Chris Collins
The Baker City Herald

On a visit to one of Baker City’s oldest structures on the day after Halloween, it was easy to conjure up images of days gone by from the second floor overlooking Main Street.

The building, which has been owned by the International Order of Odd Fellows since 1888, was developed and was part of a railroad warehouse in 1884, a description of the site written for the state Department of Environmental Quality states.

The building houses the former lodge hall upstairs at 1720 Main St.; and downstairs is home to The Little Bagel Shop at 1780 Main St. and a separate entrance leads to the longtime site of the now defunct offices of The Record-Courier newspaper at 1718 Main St.

A chair lift that is still operational, though condemned with a warning to “use at your own risk,” carried people upstairs for Odd Fellows lodge meetings, parties and dances.

Baker High School teacher Megan Alameda is well-acquainted with the building, its history and its hazards.

As she strolls through the upstairs of the building, she describes among its seven rooms one that housed bunkbeds and provided closets for soldiers during the war, another that housed a large pool table that filled one room and a ballroom that most recently was used for square dancing.

When the International Order of Odd Fellows, which has its headquarters in Portland, decided it wanted to sell the 8,200-square-foot building, it hired a consulting firm to determine any cleanup needs.

That’s when Alameda, who teaches environmental science at Baker Technical Institute, suggested the lodge turn the cleanup project over to students in her class titled BHS/BTI Environmental Science: Brownfield in Baker.

The Baker School Board gave its blessing to the plan in February and Alameda’s class began working toward developing a cleanup plan.

The lodge has agreed to donate the building to the school district with the understanding that the lodge’s real estate agent will be used to make the sale once cleanup, funded with grant money, is completed. A portion of the sale profit also will be returned to the lodge, Alameda said.

The Little Bagel Shop plans to stay put while experts do the work, which will not affect the business, Alameda said.

“There are three distinct properties and we are cleaning up two,” she said. “The bagel shop has no contamination and our work there shouldn’t interfere with its operation.”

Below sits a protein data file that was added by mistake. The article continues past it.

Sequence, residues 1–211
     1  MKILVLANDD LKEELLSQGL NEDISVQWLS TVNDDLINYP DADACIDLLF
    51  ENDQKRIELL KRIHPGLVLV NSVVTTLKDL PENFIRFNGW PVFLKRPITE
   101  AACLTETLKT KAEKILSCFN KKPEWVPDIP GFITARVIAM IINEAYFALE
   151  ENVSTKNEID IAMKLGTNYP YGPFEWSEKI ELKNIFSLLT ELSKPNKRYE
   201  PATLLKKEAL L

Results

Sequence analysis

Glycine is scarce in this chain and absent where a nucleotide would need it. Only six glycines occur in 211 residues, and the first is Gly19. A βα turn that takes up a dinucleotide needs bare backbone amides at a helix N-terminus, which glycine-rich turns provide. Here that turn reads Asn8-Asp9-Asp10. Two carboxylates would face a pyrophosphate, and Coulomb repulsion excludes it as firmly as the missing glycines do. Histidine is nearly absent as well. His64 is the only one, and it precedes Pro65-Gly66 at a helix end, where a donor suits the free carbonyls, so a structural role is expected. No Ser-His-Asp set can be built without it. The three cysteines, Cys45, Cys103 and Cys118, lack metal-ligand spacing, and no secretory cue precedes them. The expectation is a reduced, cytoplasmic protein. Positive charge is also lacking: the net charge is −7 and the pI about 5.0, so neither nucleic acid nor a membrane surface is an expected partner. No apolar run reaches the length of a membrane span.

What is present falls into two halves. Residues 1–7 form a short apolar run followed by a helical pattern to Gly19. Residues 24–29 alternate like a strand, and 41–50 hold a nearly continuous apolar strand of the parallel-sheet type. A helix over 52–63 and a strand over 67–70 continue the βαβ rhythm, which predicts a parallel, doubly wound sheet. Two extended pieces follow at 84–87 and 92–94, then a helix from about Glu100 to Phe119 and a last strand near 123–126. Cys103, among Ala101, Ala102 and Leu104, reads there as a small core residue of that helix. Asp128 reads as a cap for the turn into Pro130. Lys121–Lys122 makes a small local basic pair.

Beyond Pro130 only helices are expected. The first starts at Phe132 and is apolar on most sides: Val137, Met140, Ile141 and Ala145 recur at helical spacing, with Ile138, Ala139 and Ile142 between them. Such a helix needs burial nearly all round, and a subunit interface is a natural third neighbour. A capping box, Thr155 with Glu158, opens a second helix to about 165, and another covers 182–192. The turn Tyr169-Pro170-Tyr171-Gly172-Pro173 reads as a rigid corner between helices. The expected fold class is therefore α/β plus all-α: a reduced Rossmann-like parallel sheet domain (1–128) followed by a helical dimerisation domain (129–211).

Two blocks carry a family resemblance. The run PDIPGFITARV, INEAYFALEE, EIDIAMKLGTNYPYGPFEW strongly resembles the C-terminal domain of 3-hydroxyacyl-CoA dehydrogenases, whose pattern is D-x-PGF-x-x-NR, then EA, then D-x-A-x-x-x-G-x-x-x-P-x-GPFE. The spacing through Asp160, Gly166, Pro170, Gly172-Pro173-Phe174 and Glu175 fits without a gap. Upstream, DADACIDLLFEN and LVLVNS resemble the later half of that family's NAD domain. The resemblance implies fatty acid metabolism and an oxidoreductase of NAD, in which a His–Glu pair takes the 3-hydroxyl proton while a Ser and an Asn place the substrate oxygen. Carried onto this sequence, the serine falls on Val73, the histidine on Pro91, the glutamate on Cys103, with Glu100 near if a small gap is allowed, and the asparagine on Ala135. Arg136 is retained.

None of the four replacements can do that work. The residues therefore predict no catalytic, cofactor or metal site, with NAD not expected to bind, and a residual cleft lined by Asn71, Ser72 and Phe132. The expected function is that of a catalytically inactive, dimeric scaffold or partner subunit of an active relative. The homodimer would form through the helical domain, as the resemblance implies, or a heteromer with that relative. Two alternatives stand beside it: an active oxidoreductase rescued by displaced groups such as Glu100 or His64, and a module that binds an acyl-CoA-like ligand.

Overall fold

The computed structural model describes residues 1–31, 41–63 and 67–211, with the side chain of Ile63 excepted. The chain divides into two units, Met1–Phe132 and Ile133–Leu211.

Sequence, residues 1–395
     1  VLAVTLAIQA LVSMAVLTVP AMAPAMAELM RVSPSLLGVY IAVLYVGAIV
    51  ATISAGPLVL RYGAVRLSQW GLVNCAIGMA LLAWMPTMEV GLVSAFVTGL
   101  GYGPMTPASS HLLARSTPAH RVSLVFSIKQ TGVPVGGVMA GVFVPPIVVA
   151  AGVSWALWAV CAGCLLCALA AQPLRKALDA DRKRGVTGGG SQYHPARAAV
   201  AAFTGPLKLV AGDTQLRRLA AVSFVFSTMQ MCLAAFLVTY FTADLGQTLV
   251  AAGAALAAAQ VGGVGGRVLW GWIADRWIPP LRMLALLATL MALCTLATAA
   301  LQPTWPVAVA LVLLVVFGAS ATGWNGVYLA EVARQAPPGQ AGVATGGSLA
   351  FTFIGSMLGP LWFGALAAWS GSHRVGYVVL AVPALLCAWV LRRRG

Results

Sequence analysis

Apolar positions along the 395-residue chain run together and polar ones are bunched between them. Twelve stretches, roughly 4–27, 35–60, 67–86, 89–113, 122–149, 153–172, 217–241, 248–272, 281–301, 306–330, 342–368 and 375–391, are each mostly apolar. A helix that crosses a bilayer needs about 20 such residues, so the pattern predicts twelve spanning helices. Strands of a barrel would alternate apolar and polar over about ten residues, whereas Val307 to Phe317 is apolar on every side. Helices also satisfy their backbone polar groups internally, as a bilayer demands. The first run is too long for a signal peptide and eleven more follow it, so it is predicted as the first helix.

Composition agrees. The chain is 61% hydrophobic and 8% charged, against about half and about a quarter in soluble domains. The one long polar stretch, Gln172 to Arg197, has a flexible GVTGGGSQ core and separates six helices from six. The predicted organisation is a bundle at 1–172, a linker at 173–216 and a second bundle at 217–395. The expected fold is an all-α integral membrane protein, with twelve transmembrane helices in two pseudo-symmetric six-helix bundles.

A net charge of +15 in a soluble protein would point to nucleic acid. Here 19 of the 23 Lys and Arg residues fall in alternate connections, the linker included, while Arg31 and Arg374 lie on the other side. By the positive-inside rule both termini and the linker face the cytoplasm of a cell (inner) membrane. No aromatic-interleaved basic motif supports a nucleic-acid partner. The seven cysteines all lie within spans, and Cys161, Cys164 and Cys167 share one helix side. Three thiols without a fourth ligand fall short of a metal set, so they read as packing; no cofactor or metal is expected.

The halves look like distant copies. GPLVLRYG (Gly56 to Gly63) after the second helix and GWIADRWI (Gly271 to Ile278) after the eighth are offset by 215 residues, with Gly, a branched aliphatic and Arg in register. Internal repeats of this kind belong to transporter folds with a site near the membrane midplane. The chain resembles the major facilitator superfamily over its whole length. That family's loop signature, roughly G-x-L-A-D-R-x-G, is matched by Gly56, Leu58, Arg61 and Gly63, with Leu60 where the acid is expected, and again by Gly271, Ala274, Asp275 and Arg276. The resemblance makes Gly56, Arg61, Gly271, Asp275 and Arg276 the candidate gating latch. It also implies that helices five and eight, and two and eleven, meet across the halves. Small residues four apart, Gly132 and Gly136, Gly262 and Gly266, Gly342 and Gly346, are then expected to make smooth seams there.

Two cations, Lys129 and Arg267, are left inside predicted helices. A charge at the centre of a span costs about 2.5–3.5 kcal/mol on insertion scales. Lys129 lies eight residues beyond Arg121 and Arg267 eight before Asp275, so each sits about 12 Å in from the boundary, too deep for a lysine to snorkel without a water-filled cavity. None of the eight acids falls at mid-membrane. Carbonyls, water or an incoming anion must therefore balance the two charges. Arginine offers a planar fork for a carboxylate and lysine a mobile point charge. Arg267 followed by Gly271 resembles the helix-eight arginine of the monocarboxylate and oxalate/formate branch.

Alameda and her class have been working with state Department of Environmental Quality representative Charles Kennedy, a natural resource specialist and environmental scientist, who is the cleanup project manager.

“My role really is to work with the person I consider my client ... so we all achieve a positive outcome,” he said. “We want to do the best job as cost-effectively as possible.”

Kennedy met with students in Alameda’s class on Oct. 2 to talk to them about his role and his insights through his work on environmental contamination and remediation projects.

His time is paid through state and federal funds and is not billed to the district for the brownfield cleanup, he said.

Before the district can take ownership of the property, it first must negotiate a perspective purchaser agreement (PPA), Kennedy said. The document shields the district from any liability obligation to complete cleanup at the site, he said.

Contamination comes mostly from an adjacent gas station and from the long-term use of the site by The Record-Courier newspaper and the chemicals and lead used in its weekly production. Lead-based paint and asbestos are other issues to be addressed in the cleanup of the two sites.

A $60,000 grant paid for the Phase 1 and Phase 2 portions of the work to this point, Alameda said.

A 30-day public comment period seeking input from adjacent property owners and other interested parties ended on Oct. 31. Next the project will be reviewed by a judge who is expected to sign off on a consent judgment that will allow the project to go forward.

Once that step is completed, Alameda’s Brownfield class will begin the process of issuing requests for proposals from contractors to do the cleanup work at the site.

“If a private business owner or resident decides to clean up a property, they get loans for Phase 1 and Phase 2 to know what the final cleanup needs will be,” Alameda said. “If we as a school district or nonprofit take it over we get grants for the cleanup and assessment.”

The brownfield class has cleaned up one property, the former site of the Ostwald Machine Shop at 2430 Balm St. The property was donated to the school district to benefit students. The school district received an assessment grant and a $200,000 cleanup grant for that property, Alameda said. The cleanup cost was $125,000 and the property was sold for $45,000.

In addition to paying the cost of the cleanup, the profit also paid for Alameda’s salary and curriculum to involve students in the work for three years and funding for field trips to share what students are learning about brownfield cleanup. A scholarship fund also has been established.

Read more in the Monday, Nov. 6, 2017 issue of the Baker City Herald.